How 'Bout Those New York/New Jersey Yankees/Nets?

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NEW YORK: Anyone still think sports isn't a business? The New York Yankees and the New Jersey Nets have merged -- yes, merged -- in a stock-swap-and-cash deal expected to be announced Thursday. No, shortstop Derek Jeter won't be playing point guard for the Nets' NBA team. But the two teams will combine their business operations, including television rights, marketing, sponsorships and advertising, and try to unite George Steinbrenner's Yankee dictatorship with the Nets' more corporate -- and less successful -- oligarchy. The Yankees may not be able to lift the curse that's haunted the Nets since they sold Julius Erving to join the NBA, but when it comes to TV deals, the Yets (don't worry, that's not their new name) will be a negotiating juggernaut.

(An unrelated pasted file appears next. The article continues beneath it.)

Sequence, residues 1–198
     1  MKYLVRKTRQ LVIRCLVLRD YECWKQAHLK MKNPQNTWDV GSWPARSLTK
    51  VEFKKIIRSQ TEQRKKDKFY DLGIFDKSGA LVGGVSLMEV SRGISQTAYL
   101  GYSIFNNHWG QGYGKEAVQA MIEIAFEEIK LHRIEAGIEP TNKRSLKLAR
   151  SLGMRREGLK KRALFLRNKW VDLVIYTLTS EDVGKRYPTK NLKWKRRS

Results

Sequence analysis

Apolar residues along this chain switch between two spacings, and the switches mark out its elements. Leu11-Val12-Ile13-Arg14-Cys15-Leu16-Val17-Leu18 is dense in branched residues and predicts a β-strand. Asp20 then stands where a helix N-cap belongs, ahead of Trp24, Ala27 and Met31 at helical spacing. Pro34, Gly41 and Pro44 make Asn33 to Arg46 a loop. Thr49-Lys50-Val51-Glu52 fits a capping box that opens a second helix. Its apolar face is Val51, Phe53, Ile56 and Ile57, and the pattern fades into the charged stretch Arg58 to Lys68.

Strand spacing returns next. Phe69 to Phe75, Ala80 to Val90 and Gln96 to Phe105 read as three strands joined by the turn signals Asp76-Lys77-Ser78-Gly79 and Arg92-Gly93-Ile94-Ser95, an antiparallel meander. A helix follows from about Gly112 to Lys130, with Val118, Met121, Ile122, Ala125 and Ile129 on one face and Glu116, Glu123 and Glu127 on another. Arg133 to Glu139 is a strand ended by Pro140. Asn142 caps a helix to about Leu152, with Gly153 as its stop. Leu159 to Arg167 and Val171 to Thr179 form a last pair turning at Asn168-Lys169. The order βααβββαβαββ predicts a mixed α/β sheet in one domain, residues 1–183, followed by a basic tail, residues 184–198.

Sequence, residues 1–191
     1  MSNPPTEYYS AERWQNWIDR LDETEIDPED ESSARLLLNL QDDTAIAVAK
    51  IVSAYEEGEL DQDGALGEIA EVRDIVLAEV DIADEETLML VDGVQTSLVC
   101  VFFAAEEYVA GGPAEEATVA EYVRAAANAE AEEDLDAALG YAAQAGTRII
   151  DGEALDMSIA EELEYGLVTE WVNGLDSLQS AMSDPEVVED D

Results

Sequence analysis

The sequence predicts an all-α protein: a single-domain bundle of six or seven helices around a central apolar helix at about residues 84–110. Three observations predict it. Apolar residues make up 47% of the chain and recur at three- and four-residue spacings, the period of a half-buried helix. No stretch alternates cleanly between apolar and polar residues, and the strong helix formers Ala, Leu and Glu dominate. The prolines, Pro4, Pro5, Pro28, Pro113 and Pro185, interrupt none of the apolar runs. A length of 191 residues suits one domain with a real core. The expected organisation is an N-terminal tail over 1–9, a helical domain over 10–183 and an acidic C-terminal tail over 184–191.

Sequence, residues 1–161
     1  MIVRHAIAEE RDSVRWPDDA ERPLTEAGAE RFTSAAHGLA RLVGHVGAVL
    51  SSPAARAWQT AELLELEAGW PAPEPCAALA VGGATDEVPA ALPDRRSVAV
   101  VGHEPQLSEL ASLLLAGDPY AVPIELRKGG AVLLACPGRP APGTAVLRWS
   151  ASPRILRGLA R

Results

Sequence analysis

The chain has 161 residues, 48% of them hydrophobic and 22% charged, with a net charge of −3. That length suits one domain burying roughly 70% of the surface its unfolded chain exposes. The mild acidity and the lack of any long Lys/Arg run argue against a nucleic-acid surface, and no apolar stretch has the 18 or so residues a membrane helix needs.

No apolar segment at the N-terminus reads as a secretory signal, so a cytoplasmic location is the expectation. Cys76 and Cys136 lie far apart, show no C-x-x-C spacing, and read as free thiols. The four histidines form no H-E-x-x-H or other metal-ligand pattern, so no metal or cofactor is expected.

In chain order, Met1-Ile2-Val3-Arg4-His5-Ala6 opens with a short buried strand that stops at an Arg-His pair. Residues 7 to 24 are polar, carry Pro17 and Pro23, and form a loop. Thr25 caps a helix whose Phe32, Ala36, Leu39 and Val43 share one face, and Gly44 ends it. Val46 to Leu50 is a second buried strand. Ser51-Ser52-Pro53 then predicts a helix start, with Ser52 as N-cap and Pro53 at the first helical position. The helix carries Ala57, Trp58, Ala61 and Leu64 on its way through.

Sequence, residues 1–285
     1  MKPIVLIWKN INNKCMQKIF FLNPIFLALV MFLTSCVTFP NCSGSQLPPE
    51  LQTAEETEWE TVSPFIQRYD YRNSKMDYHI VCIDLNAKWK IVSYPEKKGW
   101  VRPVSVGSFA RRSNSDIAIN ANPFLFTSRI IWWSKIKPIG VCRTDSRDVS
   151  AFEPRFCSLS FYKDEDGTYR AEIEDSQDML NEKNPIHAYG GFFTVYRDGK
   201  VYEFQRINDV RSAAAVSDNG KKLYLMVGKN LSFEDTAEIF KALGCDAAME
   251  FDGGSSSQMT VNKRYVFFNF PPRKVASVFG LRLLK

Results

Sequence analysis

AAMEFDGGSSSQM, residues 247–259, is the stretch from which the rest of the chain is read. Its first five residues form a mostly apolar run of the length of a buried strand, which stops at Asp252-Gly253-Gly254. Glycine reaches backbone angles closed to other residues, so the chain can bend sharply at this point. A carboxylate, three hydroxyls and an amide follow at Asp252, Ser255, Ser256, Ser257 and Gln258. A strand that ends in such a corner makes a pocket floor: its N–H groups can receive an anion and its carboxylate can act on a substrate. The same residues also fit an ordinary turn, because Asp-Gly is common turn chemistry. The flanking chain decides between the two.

Still unclear: whether the joint owners will have a say in the other team's on-the-field-business; and whether the Yankees, who have been mulling a Bronx exodus for years, will eventually join their new pals in -- gasp -- Noo Joisey. But the immediate impact of this bizarre and unprecedented link-up (some owners, like Jerry Colangelo in Arizona, own more than one sports team, but no one's ever merged before) is that some poor cable network will be paying through the nose to put Yets games in tri-state living rooms. Both teams are in the waning years of contracts, with MSG (Yanks) and Fox Sports New York (Nets). The Nets are on the rise, and the Yankees are the best team in baseball; together, they're going to break the bank.